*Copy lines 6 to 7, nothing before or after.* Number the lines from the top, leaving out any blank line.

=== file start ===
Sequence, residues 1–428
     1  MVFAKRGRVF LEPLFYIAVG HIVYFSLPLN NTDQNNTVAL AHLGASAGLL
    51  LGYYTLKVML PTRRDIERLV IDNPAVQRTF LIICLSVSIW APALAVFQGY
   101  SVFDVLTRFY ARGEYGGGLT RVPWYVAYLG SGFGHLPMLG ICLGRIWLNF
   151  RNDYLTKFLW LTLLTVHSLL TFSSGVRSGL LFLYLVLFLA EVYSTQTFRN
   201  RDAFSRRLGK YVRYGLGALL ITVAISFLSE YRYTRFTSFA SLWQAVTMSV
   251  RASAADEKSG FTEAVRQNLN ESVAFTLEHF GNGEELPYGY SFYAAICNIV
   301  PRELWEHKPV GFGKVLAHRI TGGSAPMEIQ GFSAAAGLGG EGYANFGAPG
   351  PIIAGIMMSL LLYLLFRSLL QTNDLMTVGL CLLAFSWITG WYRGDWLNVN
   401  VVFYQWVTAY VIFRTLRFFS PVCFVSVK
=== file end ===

   201  RDAFSRRLGK YVRYGLGALL ITVAISFLSE YRYTRFTSFA SLWQAVTMSV
   251  RASAADEKSG FTEAVRQNLN ESVAFTLEHF GNGEELPYGY SFYAAICNIV